Bramble flower

Brambles are ubiquitous in Cheshire at this time of year, with those spiky stems riotously spreading forth from every wild patch and hedgerow. When I first saw these attractive hedgerow flowers out in the countryside I thought they might be some sort of wild rose, but no, they are simply quite large bramble flowers. And the spikes are vicious.

bramble flower

Must remember to pass that way again in a couple of months time to pick the blackberries!

Southern screamer

The southern screamer is a large South American wetland bird. What is it doing in the UK? This pair are at the Wildlife and Wetland Trust’s Martin Mere centre, now reopened for a limited number of visitors. The centre contains specimen birds from all over the world, as well as providing the space for thousands of local and migrating birds.

We were lucky to find the birds in photo-posing mode, rather than screaming at all and sundry.

Unlike geese and ducks this bill is not designed to filter water; they mostly feed on vegetation. These birds are thought to be the ‘missing link’ between wildfowl and game birds.Read More »

Black Swan

Black swan theory is a metaphor that describes an event that comes as a surprise and has a major effect, based on the observed historical fact in Europe that black swans did not exist.

I guess we could call covid-19 a black swan event, although it was actually predicted that such an event would happen at some time, which was always ‘in the future’, until it wasn’t. Of course, globalised trade made this black swan event a worldwide phenomenon pretty rapidly.

Globalisation also means we can now see black swans in Europe without travelling to Australia. This one was at WWT Martin Mere, caught in the act of biting off chunks of reed.

Marsh Hoverfly

A gang of these came around our pond for a few minutes, buzzed around furiously and noisily, occasionally briefly settling on water lily leaves. Then they disappeared. Nothing like the usual hoverflies that hang around flowers for ages.

marsh hoverfly

This beauty is a marsh hoverfly. Magnificent body markings and lace wings! Judging by the Wikepedia entry this appears to be a female.Read More »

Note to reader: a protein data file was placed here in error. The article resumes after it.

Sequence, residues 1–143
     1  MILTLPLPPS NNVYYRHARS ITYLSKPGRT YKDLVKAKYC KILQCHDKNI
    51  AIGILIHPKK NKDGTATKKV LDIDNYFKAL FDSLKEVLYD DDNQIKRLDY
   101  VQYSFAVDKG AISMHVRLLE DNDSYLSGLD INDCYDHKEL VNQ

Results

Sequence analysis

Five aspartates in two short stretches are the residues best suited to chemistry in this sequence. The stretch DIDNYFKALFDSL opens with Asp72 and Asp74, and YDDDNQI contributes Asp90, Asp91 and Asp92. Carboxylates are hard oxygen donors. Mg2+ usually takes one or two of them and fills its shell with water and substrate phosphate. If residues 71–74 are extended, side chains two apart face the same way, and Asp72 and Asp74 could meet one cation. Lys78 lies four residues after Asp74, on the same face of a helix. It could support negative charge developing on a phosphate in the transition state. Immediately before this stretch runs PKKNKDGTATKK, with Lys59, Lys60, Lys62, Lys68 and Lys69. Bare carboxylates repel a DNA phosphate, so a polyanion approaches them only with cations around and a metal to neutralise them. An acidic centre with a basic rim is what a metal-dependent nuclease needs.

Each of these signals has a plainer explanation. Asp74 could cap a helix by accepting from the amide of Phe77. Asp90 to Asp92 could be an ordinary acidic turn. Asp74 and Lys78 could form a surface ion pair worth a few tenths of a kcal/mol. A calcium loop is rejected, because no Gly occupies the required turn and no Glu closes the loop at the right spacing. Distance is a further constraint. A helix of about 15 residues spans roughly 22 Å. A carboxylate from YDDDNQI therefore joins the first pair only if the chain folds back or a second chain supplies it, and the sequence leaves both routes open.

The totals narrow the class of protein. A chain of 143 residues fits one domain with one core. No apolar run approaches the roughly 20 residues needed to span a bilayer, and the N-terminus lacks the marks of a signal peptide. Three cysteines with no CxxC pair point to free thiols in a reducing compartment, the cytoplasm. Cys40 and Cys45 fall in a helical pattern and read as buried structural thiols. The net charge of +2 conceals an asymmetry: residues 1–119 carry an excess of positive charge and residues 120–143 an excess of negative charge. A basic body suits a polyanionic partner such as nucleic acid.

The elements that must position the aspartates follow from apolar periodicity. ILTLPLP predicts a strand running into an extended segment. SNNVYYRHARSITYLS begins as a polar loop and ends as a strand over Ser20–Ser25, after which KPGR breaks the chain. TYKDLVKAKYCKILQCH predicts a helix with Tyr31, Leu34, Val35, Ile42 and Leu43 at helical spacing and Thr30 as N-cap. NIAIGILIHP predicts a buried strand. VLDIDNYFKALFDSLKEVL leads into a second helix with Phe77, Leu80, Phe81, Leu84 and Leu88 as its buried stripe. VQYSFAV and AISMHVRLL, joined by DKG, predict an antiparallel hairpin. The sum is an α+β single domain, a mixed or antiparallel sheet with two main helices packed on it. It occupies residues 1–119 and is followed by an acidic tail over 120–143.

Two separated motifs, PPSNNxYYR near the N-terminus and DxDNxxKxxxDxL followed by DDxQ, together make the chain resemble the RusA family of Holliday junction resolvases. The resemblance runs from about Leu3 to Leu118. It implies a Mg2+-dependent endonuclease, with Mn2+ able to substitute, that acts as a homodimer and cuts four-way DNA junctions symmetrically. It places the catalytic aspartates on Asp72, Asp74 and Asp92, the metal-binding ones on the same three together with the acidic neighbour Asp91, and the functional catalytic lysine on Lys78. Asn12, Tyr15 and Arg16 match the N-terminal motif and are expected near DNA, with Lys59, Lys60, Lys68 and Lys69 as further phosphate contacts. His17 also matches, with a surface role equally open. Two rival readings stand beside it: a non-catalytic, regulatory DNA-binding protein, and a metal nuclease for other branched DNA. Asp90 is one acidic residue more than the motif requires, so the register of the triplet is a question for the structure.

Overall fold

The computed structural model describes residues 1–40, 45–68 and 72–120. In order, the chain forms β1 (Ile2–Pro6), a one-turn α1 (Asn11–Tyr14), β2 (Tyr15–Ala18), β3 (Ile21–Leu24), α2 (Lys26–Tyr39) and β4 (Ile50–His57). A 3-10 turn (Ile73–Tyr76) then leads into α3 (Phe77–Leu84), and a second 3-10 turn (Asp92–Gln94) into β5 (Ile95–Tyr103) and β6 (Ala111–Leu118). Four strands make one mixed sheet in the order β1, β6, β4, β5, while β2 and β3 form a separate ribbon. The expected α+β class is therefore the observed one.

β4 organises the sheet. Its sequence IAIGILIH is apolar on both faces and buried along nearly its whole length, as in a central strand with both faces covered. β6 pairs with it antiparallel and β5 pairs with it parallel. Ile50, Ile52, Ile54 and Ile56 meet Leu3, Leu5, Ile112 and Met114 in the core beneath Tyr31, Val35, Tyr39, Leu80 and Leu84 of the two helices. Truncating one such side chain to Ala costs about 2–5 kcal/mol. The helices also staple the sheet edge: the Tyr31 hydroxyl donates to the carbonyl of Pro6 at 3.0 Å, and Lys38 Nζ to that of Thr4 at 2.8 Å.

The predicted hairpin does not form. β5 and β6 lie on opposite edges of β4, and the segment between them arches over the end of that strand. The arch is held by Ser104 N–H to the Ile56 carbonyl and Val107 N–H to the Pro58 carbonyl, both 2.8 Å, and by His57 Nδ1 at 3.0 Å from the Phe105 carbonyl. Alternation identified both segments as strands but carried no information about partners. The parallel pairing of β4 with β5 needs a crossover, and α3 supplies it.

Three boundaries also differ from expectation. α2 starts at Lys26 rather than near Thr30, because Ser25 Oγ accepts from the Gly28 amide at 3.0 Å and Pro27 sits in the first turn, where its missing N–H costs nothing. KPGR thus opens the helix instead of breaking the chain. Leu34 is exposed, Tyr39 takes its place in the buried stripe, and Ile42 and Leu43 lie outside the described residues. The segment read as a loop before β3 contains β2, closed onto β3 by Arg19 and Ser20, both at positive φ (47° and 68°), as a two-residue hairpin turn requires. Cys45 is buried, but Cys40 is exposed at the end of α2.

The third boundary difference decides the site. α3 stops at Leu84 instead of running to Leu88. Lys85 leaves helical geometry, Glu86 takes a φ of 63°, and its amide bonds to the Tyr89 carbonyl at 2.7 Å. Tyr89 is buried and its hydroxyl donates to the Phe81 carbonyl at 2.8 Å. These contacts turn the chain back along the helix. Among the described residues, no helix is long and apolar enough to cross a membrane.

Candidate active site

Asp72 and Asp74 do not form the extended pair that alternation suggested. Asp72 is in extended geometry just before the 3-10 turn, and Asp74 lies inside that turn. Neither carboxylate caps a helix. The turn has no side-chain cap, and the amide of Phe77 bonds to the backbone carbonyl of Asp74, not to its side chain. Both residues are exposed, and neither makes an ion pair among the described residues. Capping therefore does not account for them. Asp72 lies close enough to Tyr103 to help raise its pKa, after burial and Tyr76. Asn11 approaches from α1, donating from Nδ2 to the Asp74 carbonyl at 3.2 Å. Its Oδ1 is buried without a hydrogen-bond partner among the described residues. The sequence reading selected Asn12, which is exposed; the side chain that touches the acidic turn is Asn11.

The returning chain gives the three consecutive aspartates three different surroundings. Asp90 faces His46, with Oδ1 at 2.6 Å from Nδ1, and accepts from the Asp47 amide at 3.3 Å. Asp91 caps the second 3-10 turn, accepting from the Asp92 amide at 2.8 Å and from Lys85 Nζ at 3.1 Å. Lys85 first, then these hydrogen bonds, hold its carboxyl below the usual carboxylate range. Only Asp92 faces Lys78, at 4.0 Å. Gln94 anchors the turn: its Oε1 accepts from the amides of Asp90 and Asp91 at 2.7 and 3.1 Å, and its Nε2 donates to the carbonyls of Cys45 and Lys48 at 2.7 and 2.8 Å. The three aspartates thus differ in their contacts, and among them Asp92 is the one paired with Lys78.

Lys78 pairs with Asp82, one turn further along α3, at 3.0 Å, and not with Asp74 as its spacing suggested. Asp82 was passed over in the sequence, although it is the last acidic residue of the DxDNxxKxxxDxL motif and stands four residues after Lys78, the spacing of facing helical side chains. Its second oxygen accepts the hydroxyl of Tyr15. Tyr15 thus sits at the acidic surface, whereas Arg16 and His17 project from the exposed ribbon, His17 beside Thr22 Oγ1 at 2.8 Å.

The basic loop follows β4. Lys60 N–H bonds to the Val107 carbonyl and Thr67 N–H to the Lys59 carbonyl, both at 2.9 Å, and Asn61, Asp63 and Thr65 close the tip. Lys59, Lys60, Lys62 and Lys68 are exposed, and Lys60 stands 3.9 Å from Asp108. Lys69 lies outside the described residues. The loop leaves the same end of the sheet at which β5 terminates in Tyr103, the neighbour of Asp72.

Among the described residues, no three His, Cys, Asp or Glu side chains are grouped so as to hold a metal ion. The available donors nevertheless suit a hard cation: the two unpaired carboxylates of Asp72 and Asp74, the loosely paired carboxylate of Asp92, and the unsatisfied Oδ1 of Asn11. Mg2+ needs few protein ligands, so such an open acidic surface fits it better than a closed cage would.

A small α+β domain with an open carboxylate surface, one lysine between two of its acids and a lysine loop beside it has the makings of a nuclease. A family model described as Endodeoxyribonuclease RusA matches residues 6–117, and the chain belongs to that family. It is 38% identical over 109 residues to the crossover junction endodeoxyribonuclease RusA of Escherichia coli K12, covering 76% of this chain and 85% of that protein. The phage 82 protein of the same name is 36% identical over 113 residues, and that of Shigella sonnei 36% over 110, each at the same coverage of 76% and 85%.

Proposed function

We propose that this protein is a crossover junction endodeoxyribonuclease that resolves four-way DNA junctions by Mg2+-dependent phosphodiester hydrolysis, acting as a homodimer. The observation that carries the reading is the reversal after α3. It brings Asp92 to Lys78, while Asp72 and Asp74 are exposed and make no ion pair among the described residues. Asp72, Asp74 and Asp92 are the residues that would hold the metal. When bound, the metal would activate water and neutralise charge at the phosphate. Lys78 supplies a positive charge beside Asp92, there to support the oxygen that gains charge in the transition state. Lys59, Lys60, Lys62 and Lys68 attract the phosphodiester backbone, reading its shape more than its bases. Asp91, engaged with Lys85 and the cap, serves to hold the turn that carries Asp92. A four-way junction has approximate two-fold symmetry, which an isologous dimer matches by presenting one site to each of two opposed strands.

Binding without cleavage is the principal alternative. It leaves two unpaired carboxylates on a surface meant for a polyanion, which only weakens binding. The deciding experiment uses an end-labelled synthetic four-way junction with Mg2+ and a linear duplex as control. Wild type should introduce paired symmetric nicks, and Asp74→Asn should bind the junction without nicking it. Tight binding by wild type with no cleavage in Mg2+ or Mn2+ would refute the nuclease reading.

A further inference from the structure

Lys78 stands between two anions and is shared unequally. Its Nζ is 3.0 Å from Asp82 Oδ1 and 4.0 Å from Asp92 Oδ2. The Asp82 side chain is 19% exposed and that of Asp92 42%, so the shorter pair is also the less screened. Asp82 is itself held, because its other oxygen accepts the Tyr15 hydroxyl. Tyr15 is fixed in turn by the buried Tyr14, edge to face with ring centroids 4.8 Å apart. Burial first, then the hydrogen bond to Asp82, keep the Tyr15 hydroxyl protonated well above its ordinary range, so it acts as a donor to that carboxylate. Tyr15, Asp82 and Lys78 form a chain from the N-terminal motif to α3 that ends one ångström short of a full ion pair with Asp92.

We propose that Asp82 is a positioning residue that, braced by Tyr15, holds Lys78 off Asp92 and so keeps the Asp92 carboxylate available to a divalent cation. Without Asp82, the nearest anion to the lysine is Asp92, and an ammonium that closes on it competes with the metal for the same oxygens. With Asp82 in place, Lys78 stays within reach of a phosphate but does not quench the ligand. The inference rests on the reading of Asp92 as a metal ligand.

The Dangerous Gnat

We used to call them gnats in Lincoln. The Spanish call them mosquitoes (diminutive for mosca – fly). It was many years before I realised these are the same thing, basically, although there are different sorts.

For us they were just pesky nuisances, but this is mankind’s ‘deadliest predator’. How come? The answer: malaria. In 2018 there were 228,000,000 new cases and 400,000 died, but few in the ‘developed world’.

For millennia people got the ague, got sick and many died. It even decided major events, such as Hannibal’s failed assault on Rome, the limits of Alexander the Great’s conquering. It was thought to be bad air that caused it (mal-aria).

Eventually mankind found the cure – draining swamps and quinine, a refined variant of which, hydroxychloroquine, has been in the news recently. Of course, a lot of the world can’t afford these solutions.

This reminded me of a trip we took a few years ago to the unspoilt Aransas National Wildlife Refuge on the Texas coast. We stopped outside the gate of the reserve to take a quick entry photo, and by the time we got back in the car I had a number of mosquito bites on my arm. Of course, the whole of this eastern part of Texas was one big swamp before white men arrived. What a lot of mosquitoes! And what a heroic effort to carve the city of Houston out of such terrain. No wonder they use a lot of pesticide.

To know history and its causes is to understand today!

Thanks to an excellent review by Steven Shapin in the recent London Review of Books, on the book The Mosquito; A Human History of our Deadliest Predator by Timothy Winegard. Sounds like a great book!

No it’s not my arm. Featured image of Tasmanian mosquito by JJ Harrison via Wikimedia Commons

Alien gorse

There was plenty of yellow common gorse on display at Anderton Country Park recently, but I was puzzled by this rather pretty red-flecked plant – a single specimen. A web search suggests it could be gorse bitter pea, an Australian flowering plant, quite out of place in the English countryside – but very pretty nevertheless. This is in a recently regenerated part of the woodland; maybe someone, or some animal/bird, put it there?

red gorse

Cucumber Spider

I noticed this tiny, colourful spider, around 5 millimeters long, highlighted by the afternoon sun on our bird feeder. It stayed long enough for me to rush indoors, grab the camera and fire a couple of shots.

cucumber spider

I think it’s a cucumber spider, araniella cucurbitina. Anyone know better?

The colours are actually for camouflage, so this was not the right place to be!